that role of mediating, monitoring, and overseeing
service delivery in an inpatient setting, and one of our clinicians in Germany was sharing with me, he’s done
this for the last 20 years, and he has seen several hundred patients where the RehaCom program
has been provided, and then he has his own
insights and observations about how he can adjust the demands, and let’s say, the parameters of
the program for his patients. In the States, we may also
have physiatrists involved, and physical therapists,
as I said earlier, physicians generally, and
other important clinical staff can all play a role in mediating the implementation of this program. Now, what makes it different
and why does this matter? Well, the program was initially
developed 25 years ago by a psychologist in
Germany called Dr. Weber, and his colleagues at different
hospitals and facilities, and since that time has
been updated and revised. This was a tool developed for clinicians, and so when they were
frustrated by something or they needed to see something improved or changed or expanded upon, that feedback was incorporated and other components were developed. So it’s reflected in the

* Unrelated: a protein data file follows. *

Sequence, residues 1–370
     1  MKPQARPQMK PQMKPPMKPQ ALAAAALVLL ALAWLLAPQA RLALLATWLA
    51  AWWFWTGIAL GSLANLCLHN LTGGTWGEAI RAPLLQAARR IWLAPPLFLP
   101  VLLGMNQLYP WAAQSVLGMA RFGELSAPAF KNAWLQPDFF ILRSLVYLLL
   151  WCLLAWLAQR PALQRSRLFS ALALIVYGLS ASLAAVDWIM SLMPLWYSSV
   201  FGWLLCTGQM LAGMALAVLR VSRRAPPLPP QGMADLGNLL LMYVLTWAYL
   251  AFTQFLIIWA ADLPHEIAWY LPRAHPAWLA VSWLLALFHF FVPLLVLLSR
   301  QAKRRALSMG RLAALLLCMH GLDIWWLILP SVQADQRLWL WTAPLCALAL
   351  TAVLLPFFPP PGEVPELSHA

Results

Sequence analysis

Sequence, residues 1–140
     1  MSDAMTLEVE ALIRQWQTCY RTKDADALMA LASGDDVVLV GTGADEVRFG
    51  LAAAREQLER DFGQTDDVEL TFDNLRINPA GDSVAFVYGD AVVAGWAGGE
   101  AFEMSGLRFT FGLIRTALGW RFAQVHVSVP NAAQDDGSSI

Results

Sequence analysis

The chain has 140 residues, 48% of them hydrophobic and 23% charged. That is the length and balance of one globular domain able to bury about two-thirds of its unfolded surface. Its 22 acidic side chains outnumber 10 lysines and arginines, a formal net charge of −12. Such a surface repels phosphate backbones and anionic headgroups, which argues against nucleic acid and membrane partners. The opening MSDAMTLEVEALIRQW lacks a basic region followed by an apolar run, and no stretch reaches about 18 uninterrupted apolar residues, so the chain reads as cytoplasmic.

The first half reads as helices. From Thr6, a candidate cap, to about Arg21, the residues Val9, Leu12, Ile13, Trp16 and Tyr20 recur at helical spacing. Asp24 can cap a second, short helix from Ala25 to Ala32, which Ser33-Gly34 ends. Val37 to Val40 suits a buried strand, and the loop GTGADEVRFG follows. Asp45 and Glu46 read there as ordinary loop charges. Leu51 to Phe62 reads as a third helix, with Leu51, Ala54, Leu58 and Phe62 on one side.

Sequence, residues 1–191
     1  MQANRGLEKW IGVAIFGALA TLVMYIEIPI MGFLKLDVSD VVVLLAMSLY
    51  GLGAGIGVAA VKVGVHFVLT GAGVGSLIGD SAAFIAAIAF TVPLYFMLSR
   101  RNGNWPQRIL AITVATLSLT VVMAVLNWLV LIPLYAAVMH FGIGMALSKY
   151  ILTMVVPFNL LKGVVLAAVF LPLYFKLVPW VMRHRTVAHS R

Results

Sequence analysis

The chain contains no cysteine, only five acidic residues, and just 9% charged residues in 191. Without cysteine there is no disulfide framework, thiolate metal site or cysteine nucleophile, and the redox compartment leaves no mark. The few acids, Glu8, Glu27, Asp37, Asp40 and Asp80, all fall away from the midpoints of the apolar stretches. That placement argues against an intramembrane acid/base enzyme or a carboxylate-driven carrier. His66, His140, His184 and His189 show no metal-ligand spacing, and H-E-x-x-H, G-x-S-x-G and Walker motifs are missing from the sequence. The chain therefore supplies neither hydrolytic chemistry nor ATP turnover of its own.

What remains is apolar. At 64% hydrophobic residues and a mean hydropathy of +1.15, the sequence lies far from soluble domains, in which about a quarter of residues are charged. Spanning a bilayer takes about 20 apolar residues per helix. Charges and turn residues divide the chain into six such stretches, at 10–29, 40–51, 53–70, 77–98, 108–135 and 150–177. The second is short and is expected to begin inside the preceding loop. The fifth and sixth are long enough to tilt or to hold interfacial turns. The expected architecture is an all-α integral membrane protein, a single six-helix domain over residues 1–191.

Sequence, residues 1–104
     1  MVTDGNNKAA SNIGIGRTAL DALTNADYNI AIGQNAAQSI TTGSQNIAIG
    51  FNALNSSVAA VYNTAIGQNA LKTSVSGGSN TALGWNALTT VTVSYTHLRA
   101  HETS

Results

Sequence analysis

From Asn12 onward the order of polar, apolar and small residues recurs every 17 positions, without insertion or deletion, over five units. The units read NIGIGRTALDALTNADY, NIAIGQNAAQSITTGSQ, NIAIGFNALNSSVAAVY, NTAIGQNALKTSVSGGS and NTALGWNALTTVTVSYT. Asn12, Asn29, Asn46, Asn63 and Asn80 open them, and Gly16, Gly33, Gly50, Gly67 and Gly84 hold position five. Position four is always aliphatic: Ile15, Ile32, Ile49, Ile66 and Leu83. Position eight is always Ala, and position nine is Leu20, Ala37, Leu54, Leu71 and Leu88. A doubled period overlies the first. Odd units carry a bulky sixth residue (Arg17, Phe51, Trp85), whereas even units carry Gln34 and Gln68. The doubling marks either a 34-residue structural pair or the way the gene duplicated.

range of training areas, in the breadth of training
that is currently available, and how it can be configured, and so, we wanted to let you
know that its relevance has really been tested over
that quarter century in Europe and we can now benefit from the fact that clinicians have been involved from day one saying this is what I want to see changed, and if you can incorporate that, it may be more useful to me. So there are a broad
range of training areas, this is not just a program that looks at one distinctive thing
such as working memory. It explores areas that are
important for patient care, such as attention, executive functioning, and visual scanning which
may otherwise be overlooked. So its breadth is important
and it has the range. Now, it also has a breadth
in terms of very low levels for the severely impaired patients, to rather difficult levels for those with much milder problems. So if you had an adult that may have been at a very high professional
level in their career, who’s experienced some
reduction in their efficiency, you may still be able to
challenge them and work with them because it will challenge
even the brightest amongst us. The other thing to be aware